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Your Home Ignition Zone

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Based on decades of research on home destruction by wildfire, USFS Fire Scientist Jack Cohen formulated the term and concept of the ‘home ignition zone’ or HIZ.
Jack discovered that you absolutely CAN affect fire behavior in and around your home. Simple modifications to your home or structure, and the rest of the home ignition zone, can have a dramatic and desirable effect on wildfire behavior.

Introducing the Home Ignition Zone

The home ignition zone is an area that includes your home and its immediate surroundings. If your home ignition zone is properly conditioned, your home can survive a wildfire. Properly done, your home may even survive a wildfire with no intervention.
The home ignition zone rarely extends past two hundred feet from your home. The home ignition zone regards property from the perspective of a wildland fire.
Hardening your home and your home ignition zone against wildfire is easy, and highly desirable.

Firewise Communities & the Home Ignition Zone

The Firewise Communities USA program of the National Fire Protection Association recognizes the fact that the home ignition zone is where your home will either survive, or be destroyed, in a wildfire situation. The NFPA created this program to focus on educating homeowners about simple steps they can take to protect their lives & property in the home ignition zone.

Start at the Center & Work Outward

The Cascadel Ranch Fire Safe Council has enthusiastically embraced the fact of the matter that your home can be made to withstand fire by denying fire the conditions of combustion in the home ignition zone, as discovered by Forest Service Fire Scientist Jack Cohen.
Begin with your home ignition zone assessment, starting with your home itself, and work out from there.
Preparing this zone to deny fire the conditions for ignition is how we all can have a hope of affecting fire behavior. The myth of a tsunami like wall of fire is false. A wildfire is simply a series of ignitions in any given area. Realizing this, we can change fire behavior in our individual home ignition zones.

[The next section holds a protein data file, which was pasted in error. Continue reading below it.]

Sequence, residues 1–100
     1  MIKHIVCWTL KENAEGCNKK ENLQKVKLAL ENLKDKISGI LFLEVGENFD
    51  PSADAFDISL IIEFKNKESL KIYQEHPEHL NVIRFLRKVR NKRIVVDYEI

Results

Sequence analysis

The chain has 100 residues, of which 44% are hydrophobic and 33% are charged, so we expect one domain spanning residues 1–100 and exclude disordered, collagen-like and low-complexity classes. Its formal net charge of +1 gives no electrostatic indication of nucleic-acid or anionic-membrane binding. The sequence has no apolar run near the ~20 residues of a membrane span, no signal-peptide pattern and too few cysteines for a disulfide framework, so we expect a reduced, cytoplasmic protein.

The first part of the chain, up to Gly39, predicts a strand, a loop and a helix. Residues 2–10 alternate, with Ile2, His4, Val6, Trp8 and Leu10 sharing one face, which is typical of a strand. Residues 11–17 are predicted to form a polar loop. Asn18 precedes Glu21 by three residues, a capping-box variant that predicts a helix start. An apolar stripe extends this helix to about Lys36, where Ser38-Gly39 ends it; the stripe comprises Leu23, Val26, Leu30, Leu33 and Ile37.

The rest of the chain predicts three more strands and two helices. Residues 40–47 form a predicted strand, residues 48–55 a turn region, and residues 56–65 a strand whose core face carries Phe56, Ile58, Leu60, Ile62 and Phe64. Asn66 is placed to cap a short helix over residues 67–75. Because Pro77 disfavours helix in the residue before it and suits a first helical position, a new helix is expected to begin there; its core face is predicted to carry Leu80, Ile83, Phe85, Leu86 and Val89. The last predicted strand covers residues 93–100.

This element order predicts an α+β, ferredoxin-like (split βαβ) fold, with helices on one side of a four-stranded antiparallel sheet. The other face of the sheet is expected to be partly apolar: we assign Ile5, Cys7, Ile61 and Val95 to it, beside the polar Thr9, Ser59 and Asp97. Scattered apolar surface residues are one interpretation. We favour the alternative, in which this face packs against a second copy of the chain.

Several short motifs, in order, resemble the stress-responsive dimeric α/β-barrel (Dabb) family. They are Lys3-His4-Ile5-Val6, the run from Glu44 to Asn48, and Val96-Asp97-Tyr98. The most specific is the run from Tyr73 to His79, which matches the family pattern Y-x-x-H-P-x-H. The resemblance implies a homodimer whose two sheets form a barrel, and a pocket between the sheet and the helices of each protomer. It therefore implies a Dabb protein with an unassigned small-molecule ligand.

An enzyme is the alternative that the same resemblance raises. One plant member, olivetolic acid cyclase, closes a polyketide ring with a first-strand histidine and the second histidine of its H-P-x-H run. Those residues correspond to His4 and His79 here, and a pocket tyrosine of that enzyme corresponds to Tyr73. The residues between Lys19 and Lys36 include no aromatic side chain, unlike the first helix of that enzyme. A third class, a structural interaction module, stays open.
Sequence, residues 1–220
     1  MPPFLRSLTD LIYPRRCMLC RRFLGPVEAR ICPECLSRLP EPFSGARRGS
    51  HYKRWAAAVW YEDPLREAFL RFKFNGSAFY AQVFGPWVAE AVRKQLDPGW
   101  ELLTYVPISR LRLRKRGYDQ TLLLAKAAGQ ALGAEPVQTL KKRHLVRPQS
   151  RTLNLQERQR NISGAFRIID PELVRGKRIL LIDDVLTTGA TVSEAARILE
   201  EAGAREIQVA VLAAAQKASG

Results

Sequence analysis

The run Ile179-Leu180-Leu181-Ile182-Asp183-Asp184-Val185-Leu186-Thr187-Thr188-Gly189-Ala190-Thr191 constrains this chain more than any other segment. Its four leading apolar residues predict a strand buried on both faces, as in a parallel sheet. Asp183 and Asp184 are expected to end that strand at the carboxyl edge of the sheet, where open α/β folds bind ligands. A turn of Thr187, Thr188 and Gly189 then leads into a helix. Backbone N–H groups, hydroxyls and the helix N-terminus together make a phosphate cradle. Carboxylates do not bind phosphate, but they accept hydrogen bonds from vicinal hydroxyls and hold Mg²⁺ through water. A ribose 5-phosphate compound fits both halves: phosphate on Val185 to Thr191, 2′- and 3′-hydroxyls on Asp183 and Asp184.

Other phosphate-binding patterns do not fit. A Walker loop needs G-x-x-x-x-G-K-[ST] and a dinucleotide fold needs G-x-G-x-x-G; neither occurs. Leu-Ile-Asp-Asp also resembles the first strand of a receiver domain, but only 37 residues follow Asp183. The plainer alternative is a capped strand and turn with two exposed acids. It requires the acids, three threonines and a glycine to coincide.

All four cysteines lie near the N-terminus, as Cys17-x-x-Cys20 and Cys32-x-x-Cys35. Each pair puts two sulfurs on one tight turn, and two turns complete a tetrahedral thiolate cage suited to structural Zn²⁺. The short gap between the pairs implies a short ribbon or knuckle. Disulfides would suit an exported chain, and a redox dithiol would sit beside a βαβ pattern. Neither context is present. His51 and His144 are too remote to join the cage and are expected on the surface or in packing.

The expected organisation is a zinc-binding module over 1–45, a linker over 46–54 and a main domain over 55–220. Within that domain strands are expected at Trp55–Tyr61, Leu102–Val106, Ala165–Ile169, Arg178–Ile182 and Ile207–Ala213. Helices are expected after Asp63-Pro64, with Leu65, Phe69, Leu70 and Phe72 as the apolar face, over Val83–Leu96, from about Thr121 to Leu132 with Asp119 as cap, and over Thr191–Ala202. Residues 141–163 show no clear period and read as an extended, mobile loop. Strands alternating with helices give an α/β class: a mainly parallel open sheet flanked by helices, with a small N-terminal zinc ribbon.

Being ready for wildfire in your home ignition zone is easy, and extremely critical to your home’s potential survival.
The Cascadel Ranch Fire Safe Council uses the CAL Fire term “harden your home” as a great way to illustrate this preparation. Structures are fuel to a fire. If we can reduce the flammability of structures, we reduce fire.
Starting at the center of your home itself, even indoors, and moving out to the full extent of your home ignition zone, “hardening” your home and the zone against fire ignitions and carrying fire, can potentially save lives and property.
Your life, your family’s, your property, your memories.

About Jack Cohen

Jack Cohen is a research physical scientist with the US Forest Service who has done over three decades of study on structure fires in the wildland urban interface. Jack was a founder of the Firewise Communities USA recognition program.
Jack studies the physics of wildfire from a strictly logical, detached perspective, looking only at the evidence at hand.
Since the 1970s Jack has been studying the causes of structure fires from the perspective of the conditions necessary for combustion being present, or not being present. By examining the evidence left behind, Jack can largely determine what caused a particular home to ignite, and others to be spared.
What Jack discovered is pretty astounding. Jack found that it’s usually the little things that cause most home losses to wildfire. He found that the radiant heat from a crown fire, or the fire front, is rarely sufficient to ignite a structure.
Jack’s discovery that it’s extremely rare for a home or structure to burn from the fire front, or “direct flame impingement,” led him to one simple conclusion. He found that there is much you can do to save your home from wildfire.
Because what usually destroys homes is the overlooked little things ignited by embers, sparks, firebrands or clinkers, you can simply and easily deny the conditions of combustion from a wildfire approaching your home.
Armed with all of this information, Jack discovered that you can easily influence fire behavior at and around your home, long before the fire arrives.
Jack formulated the home ignition zone.